If you are new to the world of domain names and its techie words, don’t worry; this guide will help teach you the basics.
What you will find in this guide:What is a domain name?
What are domain names for?
How to register your own domain name
Registrants, registrars and registries; what are they?
What are ccTLDs, gTLDs and new gTLDs?
What is a domain name server?
WHOIS database, what's that?
EPP status codes
Every server, website, computer or device connected to the Internet is identified with an IP address - a unique string of numbers. Random numbers are often difficult to remember, so in order to make it easier for us humans, the DNS (Domain Name System) was invented. This system allocates a unique alphanumeric piece of text, or a domain name to an IP address.
In others words, a domain name is a simpler and more memorable translation of an IP address. A domain name is not a website, or a synonym of a URL; it is just a part of it. Domain names are made up of two parts: the extension (.COM) and the name in front of .COM (eurodns).
A domain name is composed of a string of up to 69 characters, without spaces; they can include all the letters of the Latin alphabet, numbers from zero to nine, and hyphens. IDNs (Internationalized Domain Names) are available for some domain extensions allowing the use of accented characters and non-Latin scripts (Cyrillic, Arabic, etc.). IDN domains allow users to register domains in their own language, making the Internet more available. In 2013 there will be 110 new IDNs released onto the Internet, allowing even more users to communicate in their own language.
The purpose of a domain name is to create a memorable name for websites and/or email addresses. Domains names can be used for personal or business use, to go online, make your business visible to the world; or to create a personalized and original email address.
Domain names can be registered through any accredited domain registrar, of which EuroDNS is one. It's worth noting that domain names aren't bought and owned forever, rather they are registered for a number of years, after which point they will need to be renewed.
To register your first domain name, start by searching our database of available names from the big blue box on our domain registration page. If you get stuck you can always check out our How to register a domain guide or contact our Support team.
Registrant: A registrant is the person or organization applying to register a domain name. When the registration is completed, the registrant will be the owner of the domain name and will gain the right to use it for the time the domain has been registered.
Registrar: A registrar is an organization that has been proven trustworthy and qualified to sell domain names. EuroDNS is an official registrar, accredited by ICANN and loads of registries. We are a kind of intermediary between the registrant and the registry.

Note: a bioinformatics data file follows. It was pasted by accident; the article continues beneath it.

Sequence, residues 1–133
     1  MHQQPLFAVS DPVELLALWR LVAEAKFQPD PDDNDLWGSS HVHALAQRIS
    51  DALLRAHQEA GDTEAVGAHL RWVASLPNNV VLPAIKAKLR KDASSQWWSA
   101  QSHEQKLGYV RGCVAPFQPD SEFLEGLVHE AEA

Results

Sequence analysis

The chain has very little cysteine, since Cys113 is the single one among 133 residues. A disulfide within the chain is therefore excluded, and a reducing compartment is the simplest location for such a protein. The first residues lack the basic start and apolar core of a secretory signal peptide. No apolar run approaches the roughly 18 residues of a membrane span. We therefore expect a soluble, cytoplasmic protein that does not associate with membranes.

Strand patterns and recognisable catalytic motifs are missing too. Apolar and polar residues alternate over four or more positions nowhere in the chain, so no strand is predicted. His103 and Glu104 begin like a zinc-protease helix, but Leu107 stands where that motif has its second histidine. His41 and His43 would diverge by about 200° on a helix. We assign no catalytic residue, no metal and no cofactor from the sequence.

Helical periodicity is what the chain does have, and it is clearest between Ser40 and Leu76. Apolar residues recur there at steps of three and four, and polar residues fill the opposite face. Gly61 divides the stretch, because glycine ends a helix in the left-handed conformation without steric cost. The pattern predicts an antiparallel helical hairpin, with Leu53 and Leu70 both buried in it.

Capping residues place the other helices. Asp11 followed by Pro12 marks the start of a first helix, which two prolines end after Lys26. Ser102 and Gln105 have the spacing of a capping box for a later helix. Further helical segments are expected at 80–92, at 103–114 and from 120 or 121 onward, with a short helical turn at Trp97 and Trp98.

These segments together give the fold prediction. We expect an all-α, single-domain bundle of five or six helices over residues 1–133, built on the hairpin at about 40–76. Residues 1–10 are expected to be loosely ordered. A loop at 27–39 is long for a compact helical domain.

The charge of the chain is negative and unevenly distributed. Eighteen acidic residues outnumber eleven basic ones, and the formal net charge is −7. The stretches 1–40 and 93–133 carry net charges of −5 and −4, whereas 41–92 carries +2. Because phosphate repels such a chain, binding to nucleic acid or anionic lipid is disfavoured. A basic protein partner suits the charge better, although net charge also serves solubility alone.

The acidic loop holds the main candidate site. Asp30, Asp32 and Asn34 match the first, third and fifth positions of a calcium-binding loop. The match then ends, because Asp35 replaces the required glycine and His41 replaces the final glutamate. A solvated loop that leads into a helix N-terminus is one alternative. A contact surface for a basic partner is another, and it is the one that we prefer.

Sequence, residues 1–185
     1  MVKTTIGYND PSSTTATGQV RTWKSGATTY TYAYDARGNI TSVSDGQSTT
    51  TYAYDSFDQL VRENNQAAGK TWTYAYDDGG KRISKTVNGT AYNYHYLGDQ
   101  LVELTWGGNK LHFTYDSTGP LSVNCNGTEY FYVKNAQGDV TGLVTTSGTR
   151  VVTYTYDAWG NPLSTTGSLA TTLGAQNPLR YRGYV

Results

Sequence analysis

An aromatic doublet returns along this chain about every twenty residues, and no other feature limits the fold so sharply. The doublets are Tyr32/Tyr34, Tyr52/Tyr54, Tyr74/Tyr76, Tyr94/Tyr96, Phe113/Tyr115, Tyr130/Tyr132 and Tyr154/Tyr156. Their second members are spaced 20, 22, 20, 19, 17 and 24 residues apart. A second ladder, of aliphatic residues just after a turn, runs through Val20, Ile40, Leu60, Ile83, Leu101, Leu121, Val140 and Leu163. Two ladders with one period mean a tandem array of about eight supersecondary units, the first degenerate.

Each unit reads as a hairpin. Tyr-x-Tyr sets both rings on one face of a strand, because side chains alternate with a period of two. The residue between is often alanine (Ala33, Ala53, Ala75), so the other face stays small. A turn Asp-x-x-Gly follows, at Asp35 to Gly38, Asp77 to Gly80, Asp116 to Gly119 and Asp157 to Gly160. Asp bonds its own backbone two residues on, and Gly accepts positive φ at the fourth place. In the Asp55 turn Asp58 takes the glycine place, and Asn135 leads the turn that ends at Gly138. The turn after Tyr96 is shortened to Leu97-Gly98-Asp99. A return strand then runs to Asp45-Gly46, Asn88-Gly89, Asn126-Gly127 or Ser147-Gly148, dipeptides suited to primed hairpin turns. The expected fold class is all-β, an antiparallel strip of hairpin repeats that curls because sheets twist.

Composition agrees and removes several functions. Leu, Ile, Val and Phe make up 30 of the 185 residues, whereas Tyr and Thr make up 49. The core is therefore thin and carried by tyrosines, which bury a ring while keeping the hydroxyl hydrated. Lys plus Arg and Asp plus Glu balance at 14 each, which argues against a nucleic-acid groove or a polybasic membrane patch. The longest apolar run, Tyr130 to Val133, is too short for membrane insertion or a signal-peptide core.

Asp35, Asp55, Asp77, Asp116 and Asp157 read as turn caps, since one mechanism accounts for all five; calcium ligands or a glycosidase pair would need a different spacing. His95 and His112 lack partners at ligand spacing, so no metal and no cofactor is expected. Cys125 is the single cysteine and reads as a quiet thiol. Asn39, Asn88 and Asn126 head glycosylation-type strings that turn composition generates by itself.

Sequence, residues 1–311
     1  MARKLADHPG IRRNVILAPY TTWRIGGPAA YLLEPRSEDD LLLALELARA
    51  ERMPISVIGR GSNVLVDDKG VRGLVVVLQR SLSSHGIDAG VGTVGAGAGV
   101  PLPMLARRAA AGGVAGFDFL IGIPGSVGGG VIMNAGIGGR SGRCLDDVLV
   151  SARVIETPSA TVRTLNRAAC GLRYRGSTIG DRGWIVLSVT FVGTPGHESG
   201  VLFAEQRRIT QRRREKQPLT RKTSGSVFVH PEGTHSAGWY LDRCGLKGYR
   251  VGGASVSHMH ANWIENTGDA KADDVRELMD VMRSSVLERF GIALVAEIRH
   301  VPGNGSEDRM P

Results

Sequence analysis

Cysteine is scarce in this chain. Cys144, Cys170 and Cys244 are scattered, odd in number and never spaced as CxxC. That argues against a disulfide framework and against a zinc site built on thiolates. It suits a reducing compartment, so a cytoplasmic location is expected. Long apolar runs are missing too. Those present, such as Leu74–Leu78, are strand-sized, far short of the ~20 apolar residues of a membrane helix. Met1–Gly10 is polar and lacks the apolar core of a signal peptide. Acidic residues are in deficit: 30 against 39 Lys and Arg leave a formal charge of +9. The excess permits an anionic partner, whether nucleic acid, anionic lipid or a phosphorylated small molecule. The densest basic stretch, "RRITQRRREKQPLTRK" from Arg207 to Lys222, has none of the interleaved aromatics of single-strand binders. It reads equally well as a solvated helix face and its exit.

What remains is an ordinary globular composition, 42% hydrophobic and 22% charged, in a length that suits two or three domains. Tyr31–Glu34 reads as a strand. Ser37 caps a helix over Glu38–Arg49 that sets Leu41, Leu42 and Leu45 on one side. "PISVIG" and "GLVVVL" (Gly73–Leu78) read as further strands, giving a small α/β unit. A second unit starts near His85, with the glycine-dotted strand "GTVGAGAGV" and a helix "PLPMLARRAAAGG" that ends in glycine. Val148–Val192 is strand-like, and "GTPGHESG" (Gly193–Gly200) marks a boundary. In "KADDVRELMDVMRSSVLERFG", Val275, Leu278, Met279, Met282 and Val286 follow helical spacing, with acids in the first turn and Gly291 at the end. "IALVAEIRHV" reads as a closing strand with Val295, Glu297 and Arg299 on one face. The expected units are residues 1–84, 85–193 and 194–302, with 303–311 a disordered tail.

Registry: A registry is the organization allocated as the official administrator and manager of an extension. They manage a really big database containing all the records for their extension.
Too many letters, not enough words. Every industry has its acronyms, initials and abbreviations; please see below for a brief description of some from the domain industry.
- TLD stands for top level domain, which is a geeky way of saying domain extension. For instance, the TLD of eurodns.com is .COM.
ccTLD represents a country code domain, e.g. .DE for Germany, .FR for France, .US for America, etc.
gTLD is a generic domain representing a specific purpose, e.g. .COM for commercial, .GOV for governments, .INFO for information websites, .XXX for the adult entertainment industry, etc.
new gTLD stands for new generic top level domains. These are the newly proposed domains that began launching on the Internet in 2014. The new gTLDs will allow registrants to register more specific domain extensions according to hobbies, cultures, interests, businesses, communities, and cities.
A domain name server allows the translation of domain names into IP addresses in order to load a website page or connect an email to its owner. During this process the alphanumeric domain name is translated into its corresponding numeric IP address.
The WHOIS database is a huge definitive data source that contains all the information about registered domain names, including contact information, expiration date and name servers.
Every domain name has at least one EPP status code (Extensible Provisioning Protocol), or domain name status code, sometimes more. It’s vital you know what they mean because they show the status of your domain name in the WHOIS database. Why it’s stopped working, is it safely locked, when it will expire, if a transfer is being processed. They can warn you about unauthorised deletions, transfers, renewals, and updates. Giving you time to protect your domain name from hijackers.
Please read our EPP status codes blog post where we display the meaning and the action you need to perform. Some actions are purely to keep you updated whilst others are warnings and you need to act quickly.
Please don't hesitate to contact our support team if you have any questions.